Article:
ATHENS, Greece – Greek Prime Minister, Antonis Samaras, will have his first meeting with the leaders of the Euro block next week, attempting to assure other European leaders that Greece will fulfill the promise of greater austerity and lower its debt if the EU can give more time for his country to carry it out.
After recovering from eye surgery that prevented him from traveling since June, Samaras will travel to Berlin and Paris to meet with German Chancellor Angela Merkel and French President Francois Hollande.
A meeting with the Euro Zone’s finance chief minister Jean-Claude Juncker is also slated earlier in the week, said a Greek government representative.
“However, the dates are not official. These will be announced soon,” said the official, who requested anonymity.
Samaras insists that Greece can meet an austerity package of 11.500 million (14.200 million) – a key condition to continue receiving funding from the European Union (EU) and International Monetary Fund (IMF) – and avoid loss of payments and a possible exit from the monetary union.
Greece is implementing budget cuts and reforms promised in March for a second bail out amount of 130.000 million Euros from the EU and the IMF. This has led to calls from politicians in Germany – Greece’s primary lender – for the country to be expelled from the Euro Zone.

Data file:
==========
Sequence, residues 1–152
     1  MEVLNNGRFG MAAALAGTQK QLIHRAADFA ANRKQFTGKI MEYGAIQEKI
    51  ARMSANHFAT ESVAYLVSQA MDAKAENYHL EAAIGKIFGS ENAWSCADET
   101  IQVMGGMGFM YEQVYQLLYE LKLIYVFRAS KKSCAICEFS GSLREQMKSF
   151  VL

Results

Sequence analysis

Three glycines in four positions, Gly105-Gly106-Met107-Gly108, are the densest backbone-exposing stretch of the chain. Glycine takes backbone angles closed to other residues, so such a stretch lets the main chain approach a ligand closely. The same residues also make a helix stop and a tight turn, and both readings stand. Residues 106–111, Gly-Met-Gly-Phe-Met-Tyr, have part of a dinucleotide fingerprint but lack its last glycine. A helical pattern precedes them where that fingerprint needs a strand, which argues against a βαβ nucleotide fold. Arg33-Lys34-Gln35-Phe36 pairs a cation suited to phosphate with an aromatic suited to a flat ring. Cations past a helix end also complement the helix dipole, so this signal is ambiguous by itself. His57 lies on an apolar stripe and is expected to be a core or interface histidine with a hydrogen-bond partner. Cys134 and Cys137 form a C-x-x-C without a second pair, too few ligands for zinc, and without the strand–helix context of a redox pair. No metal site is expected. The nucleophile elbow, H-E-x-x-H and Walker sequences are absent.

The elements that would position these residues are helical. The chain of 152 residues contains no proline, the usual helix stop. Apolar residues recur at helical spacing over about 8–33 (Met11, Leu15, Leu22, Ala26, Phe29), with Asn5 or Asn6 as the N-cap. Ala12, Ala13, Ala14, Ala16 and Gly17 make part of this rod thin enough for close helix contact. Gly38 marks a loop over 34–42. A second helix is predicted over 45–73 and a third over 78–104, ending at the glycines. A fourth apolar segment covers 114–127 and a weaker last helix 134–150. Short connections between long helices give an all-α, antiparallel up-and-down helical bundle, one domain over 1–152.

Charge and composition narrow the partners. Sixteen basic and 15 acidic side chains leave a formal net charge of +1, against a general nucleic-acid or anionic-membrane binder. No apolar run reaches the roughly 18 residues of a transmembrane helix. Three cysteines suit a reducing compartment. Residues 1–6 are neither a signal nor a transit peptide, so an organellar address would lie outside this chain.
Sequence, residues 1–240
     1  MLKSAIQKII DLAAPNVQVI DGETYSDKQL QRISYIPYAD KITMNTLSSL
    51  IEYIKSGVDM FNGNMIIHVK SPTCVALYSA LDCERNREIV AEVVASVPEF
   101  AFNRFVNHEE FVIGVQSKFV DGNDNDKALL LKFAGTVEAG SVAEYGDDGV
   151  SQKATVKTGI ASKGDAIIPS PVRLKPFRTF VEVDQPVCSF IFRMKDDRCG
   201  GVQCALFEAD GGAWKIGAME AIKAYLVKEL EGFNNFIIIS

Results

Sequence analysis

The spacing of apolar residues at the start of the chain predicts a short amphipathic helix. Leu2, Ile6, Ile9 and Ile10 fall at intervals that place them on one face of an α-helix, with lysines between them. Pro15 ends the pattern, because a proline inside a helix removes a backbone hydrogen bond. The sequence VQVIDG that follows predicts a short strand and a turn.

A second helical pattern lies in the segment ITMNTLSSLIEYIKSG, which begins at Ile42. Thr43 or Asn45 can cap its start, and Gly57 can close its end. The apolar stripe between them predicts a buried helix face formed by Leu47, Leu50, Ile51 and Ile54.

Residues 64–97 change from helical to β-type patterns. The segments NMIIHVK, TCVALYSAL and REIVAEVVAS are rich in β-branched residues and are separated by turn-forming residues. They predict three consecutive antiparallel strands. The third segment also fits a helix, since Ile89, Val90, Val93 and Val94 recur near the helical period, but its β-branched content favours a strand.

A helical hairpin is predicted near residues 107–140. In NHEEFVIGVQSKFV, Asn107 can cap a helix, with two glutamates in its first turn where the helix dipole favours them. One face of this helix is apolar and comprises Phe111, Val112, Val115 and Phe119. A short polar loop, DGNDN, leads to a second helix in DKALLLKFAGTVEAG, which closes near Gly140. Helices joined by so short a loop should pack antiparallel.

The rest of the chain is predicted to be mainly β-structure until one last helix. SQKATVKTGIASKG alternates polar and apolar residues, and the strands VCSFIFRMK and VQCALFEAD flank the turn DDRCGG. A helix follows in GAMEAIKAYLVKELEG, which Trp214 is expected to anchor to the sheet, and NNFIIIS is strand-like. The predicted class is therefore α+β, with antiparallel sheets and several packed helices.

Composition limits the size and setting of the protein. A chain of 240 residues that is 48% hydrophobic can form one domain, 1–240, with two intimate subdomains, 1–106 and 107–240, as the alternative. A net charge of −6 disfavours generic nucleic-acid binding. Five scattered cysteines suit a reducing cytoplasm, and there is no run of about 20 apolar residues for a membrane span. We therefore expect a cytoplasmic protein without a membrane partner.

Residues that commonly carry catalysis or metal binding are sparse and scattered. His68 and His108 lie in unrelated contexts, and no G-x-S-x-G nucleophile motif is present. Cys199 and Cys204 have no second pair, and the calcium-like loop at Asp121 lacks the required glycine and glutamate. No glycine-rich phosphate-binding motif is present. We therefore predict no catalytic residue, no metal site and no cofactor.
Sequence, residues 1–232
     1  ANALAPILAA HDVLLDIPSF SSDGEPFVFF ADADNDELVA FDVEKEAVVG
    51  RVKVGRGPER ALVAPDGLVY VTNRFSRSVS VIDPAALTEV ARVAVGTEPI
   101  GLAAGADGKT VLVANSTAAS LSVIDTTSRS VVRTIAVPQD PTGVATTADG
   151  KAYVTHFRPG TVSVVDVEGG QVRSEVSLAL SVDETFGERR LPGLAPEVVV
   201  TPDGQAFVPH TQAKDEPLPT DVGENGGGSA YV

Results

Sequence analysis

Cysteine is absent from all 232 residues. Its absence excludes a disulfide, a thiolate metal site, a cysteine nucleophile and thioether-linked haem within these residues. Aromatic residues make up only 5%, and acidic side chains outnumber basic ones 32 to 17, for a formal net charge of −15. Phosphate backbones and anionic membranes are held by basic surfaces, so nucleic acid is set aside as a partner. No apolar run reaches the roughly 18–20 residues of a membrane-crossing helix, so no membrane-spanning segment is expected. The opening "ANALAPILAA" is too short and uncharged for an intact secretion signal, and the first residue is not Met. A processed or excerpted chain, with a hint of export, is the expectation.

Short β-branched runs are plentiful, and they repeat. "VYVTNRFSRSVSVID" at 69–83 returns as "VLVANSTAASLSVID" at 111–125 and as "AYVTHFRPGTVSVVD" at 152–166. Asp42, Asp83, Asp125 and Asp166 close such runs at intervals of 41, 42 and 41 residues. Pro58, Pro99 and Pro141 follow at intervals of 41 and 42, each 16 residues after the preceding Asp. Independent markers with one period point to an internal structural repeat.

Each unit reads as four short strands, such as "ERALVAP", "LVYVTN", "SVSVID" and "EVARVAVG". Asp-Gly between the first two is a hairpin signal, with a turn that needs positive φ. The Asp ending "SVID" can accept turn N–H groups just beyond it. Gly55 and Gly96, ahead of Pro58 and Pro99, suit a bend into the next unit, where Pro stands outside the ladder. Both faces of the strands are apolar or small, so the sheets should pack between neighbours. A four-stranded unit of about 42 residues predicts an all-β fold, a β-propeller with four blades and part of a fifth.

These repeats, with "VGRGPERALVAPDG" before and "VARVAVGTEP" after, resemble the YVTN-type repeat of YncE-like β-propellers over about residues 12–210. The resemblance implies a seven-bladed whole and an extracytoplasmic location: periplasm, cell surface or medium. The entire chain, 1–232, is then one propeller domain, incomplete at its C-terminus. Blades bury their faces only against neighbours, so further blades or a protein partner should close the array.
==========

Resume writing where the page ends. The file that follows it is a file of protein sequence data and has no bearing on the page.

“Our priority is to restore our credibility by showing our resolve,” said Greek Prime Minister Samaras.
Greece has yet to finalize the austerity plan requested, as most of the cuts will come from state salaries and pensions and up to 40,000 from public sector redundancies.
Two minor leftist parties within the ruling coalition have expressed their opposition to the cuts.
Samaras is already preparing the public for more suffering. “We are all going through hard times. There will be more difficulties later on,” said the Greek Prime Minister earlier this week from his summer home in the southern region of Messinia.
EU officials told Reuters last month that Athens was far from meeting the objectives of its rescue plan, making the country unable to pay what it owes and making debt restructuring a necessity.